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Exploring Saturn and Titan

A billion miles out from the sun – 10 times farther than Earth – lies a world we’ve yet to explore.

Galileo Galilei was the first to turn a telescope to Saturn, in 1610; the planet, he found, “bulged.”

Half-a-century later, with a much better ‘scope, Giovanni Cassini resolved the “bulges” into a planet-encircling ring. Cassini also discovered that Saturn did not orbit the sun alone – it was accompanied by a moon, which he named Titan.



Early 20th century astronomers determined that Titan was huge – larger than the planet Mercury. And by mid-century, they knew that Titan had an atmosphere.

The robot explorer Voyager 1 reached Saturn and Titan in 1980, radioing back our first-ever close-up view of Titan. It looked like a featureless, orange ball.




The sun’s ultraviolet (UV) radiation promotes cancer by breaking the bonds that hold DNA together.

Fortunately, most solar UV expends its energy dozens of miles overhead as it breaks the bonds that hold oxygen molecules together. When the broken molecules recombine, they form ozone, which absorbs even more UV.

At a billion miles out, it takes about an hour for sunlight to reach Saturn, where it’s barely strong enough to raise Titan’s surface temperature much over 300 degrees below zero (Fahrenheit). But the sun’s UV is still strong enough to bust up molecules.

Titan’s atmospheric chemistry is different from Earth’s: Instead of forming ozone, the busted-up molecules recombine to create the orange haze that fills its upper atmosphere – and obliterates our view.

Stained glass absorbs most colors of light, but not all – some colors get through, giving the glass its color.

The haze in Titan’s atmosphere blocks pretty much all colors of visible light, but other colors make it through – invisible colors that only our instruments can see.

Observing in haze-piercing infrared and radio wavelengths, astronomers have seen Titan’s surface.

Some areas are brighter; some are darker. But what are these bright and dark areas – continents of water ice?

Rivers and lakes of liquid ethane (like gasoline, but thinner)? Glaciers of frozen propane?

In 1997, Earth launched a spacecraft – “Cassini” – toward Saturn. Arriving this past summer, Cassini injected itself into orbit and began radioing back infrared and radar images that are clearer and more detailed than any we’ve seen before. Bright and dark regions leapt out at the eye.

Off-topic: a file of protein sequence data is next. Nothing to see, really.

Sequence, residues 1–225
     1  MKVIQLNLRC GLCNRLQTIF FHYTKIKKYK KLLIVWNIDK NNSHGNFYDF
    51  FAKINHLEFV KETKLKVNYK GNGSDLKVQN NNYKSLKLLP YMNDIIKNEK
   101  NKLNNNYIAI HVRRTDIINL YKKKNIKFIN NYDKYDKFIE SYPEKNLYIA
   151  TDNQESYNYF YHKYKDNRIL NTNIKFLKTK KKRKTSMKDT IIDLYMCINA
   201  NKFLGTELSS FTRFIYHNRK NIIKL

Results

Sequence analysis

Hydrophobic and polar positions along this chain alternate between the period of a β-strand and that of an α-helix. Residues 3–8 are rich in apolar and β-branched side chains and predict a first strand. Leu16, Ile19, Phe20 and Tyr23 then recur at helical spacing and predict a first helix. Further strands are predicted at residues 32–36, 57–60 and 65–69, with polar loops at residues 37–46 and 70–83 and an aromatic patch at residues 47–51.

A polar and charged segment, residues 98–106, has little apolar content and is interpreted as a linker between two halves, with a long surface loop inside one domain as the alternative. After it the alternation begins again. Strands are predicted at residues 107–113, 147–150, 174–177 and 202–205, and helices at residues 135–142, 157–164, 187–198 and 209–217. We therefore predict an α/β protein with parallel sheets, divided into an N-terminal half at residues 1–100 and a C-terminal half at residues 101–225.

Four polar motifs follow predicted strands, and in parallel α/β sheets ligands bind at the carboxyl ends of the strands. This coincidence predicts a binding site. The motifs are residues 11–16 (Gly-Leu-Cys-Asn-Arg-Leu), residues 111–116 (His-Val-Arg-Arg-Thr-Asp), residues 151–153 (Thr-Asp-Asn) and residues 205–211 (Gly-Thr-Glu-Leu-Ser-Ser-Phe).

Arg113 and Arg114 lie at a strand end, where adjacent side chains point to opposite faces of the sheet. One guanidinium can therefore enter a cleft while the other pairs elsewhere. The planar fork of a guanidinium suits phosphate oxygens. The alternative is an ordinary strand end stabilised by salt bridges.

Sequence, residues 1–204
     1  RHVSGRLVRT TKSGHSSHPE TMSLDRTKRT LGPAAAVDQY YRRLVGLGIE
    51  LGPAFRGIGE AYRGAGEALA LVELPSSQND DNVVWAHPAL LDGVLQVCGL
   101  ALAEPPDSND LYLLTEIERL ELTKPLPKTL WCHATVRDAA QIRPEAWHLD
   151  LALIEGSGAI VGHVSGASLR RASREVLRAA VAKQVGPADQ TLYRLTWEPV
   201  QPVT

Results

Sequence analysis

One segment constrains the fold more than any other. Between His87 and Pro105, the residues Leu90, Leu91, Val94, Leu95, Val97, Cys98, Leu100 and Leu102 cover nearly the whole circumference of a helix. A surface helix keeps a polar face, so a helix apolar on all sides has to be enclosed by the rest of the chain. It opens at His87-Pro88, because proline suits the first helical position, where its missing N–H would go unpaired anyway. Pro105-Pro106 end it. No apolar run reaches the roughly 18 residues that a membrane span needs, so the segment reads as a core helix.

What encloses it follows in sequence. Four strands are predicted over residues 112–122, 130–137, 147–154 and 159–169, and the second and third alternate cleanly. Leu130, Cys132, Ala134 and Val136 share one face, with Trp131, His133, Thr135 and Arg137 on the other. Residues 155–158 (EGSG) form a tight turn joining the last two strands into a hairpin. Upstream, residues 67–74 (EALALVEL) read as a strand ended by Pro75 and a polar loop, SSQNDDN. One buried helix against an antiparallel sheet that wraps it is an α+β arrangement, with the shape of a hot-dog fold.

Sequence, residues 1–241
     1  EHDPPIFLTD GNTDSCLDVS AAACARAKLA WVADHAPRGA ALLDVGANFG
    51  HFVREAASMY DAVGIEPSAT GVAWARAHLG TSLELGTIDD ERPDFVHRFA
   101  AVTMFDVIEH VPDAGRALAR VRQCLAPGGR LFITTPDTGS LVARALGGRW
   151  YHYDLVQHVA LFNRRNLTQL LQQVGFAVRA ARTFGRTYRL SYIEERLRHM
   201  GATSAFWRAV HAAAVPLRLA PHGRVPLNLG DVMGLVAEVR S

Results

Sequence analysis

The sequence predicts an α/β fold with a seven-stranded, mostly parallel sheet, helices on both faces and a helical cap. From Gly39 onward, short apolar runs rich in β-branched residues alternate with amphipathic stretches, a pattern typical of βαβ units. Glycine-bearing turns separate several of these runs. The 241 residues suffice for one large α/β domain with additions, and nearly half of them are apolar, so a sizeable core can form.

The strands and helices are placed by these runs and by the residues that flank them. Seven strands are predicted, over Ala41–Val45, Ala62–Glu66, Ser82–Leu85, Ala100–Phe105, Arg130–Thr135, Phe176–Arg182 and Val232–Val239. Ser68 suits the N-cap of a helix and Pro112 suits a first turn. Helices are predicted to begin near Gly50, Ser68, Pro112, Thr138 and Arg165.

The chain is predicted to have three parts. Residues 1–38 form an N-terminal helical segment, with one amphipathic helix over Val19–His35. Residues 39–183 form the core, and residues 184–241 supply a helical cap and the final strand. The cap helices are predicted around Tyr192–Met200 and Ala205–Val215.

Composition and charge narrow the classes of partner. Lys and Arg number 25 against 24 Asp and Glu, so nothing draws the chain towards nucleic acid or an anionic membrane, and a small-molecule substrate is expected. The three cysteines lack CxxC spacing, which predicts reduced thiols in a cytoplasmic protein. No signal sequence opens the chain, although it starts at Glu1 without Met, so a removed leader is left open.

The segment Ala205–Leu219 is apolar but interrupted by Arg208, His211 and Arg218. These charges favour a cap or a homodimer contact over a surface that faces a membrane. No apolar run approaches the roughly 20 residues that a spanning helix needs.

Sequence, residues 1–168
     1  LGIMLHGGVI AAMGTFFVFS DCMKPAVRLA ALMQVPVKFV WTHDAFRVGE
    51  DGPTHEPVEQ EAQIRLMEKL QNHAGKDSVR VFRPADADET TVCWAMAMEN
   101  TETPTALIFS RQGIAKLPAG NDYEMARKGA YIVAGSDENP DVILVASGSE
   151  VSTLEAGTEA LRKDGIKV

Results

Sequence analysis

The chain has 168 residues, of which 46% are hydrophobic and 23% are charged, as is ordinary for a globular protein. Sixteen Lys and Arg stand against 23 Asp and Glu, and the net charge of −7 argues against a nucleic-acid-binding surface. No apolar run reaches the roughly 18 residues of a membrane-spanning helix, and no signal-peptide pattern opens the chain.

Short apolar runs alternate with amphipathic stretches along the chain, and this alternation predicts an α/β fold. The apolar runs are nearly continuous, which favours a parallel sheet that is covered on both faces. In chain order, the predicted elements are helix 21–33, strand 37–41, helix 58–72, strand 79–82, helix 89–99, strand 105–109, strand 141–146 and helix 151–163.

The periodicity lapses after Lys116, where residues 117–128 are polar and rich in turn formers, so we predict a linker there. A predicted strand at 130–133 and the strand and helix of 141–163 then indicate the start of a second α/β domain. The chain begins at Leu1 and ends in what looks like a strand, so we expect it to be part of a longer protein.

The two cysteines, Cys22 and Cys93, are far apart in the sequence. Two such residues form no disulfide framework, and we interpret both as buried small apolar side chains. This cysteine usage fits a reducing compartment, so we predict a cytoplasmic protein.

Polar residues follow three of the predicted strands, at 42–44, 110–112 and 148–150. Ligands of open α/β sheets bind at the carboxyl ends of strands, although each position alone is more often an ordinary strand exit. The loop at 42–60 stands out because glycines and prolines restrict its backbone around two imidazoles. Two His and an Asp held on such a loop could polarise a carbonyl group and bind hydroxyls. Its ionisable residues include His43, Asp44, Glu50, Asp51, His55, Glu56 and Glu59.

But we still don’t know what they are.

Cassini did not go to Saturn alone. A saucer-shaped spacecraft built by the European Space Agency has been riding piggy-back on Cassini, locked to the mother craft by explosive bolts.

Three weeks ago, a jolt of electricity detonated the explosives; the bolts disintegrated, and the two spacecraft sprang apart. The hitchhiker, named for 17th century astronomer Christian Huygens, began a three-week solo journey. Early this morning, Titan’s gravity will have pulled Huygens into its atmosphere.

Hitting the atmosphere at 14,000 miles an hour, Huygens squeezed and heated the air to incandescence as its saucer shape slowed it to less than a thousand miles an hour. Parachutes slowed the craft yet more.

It would then analyze Titan’s atmosphere – an atmosphere similar to Earth’s when life first evolved on our planet.

Once below the haze layer, Huygens should have recorded what the surface of Titan really looks like.

Huygens was not designed to survive a landing, but it might. If it were to splash down (rather than land) in a hydrocarbon lake, it would float.

At 7 p.m. on Saturday, Jan. 29, come join us at the old Nevada City airport, where some friends and I will set up telescopes to observe the stars, the rings of Saturn and Titan.

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Alan Stahler trained as a biologist and is an amateur astronomer. He teaches enrichment classes for children and adults at Sierra Friends Center. His science programs can be heard at noon on alternate Tuesday on KVMR-FM (89.5).


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